Jackass Spring Petroglyphs (Death Valley National Park)

Jackass Spring Petroglyphs - Close-up of the large panel.
Setting the scene - Hunter Mountain, near Jackass Spring.

Setting the scene – Hunter Mountain, near Jackass Spring.

 

Hunter Mountain is a forested gem in an ocean of hot dry desert – at an elevation of 7,140 feet, the temperatures are cooler, there is more game, as well as an abundance of water.

The Timbisha Shoshone, at one time inhabited the valleys below – Saline, Hidden, Racetrack – as well as Lee Flat. Hunter Mountain itself was also utilized for both summer and winter camps.¬† To the Timbisha, Hunter Mountain is a sacred hunting ground, a place that they once gathered at for communal rabbit and antelope hunts. The mountain’s vegetation also provided the material needed to make baskets.

Because of this sacred bond with the mountain, it only makes sense that there would “rock art” sites scattered throughout the mountain side.

One of these sites is located at Jackass Spring – a very easy to reach site and it is clearly visible from Hunter Mountain Road. The site is small, containing roughly two dozen designs – pecked on a granite outcropping.

Jackass Spring Petroglyphs - While driving Hunter Road near Jackass Spring, pay attention for this rock outcropping, which can clearly be seen from the road.

Jackass Spring Petroglyphs – While driving Hunter Road near Jackass Spring, pay attention for this rock outcropping, which can clearly be seen from the road.

 

Jackass Spring Petroglyphs - Close-up of the large panel.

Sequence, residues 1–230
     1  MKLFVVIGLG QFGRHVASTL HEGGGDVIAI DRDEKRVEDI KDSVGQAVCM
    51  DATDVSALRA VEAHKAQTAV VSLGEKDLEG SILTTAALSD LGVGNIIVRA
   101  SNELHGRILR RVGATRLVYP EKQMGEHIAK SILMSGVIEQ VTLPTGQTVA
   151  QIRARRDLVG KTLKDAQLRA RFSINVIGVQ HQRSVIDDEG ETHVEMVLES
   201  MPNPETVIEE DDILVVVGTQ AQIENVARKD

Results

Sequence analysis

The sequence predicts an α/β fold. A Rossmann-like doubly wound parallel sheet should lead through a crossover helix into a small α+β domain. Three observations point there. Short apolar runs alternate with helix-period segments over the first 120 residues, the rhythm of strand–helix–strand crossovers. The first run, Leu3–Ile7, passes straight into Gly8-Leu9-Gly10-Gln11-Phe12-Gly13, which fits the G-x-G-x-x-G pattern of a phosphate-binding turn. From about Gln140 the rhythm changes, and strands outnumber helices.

Jackass Spring Petroglyphs – Close-up of the large panel.

 

Jackass Spring Petroglyphs - Close-up of the side panel.

Jackass Spring Petroglyphs – Close-up of the side panel.

 

Jackass Spring Petroglyphs

Jackass Spring Petroglyphs

 

 

About the author

Jim Mattern

Jim is a scapegoat for the NPS, an author, adventurer, photographer, radio personality, guide, and location scout. His interests lie in Native American and cultural sites, ghost towns, mines, and natural wonders in the American Deserts.

4 Comments

  • I visited some petroglyphs in the north end of the Saline Valley near an old mining area that had a creek running through it. Up in the canyon above there were several water falls. Along the road going up, there was a large rock as big as a motor home with grinding holes on top and an arrista near by. Across the road there was a hillside covered with art. You couldn’t see the art until you hiked up to it so driving by you would likely miss it. here are some shots of the art and the view from the op of the hill looking towards the valley.

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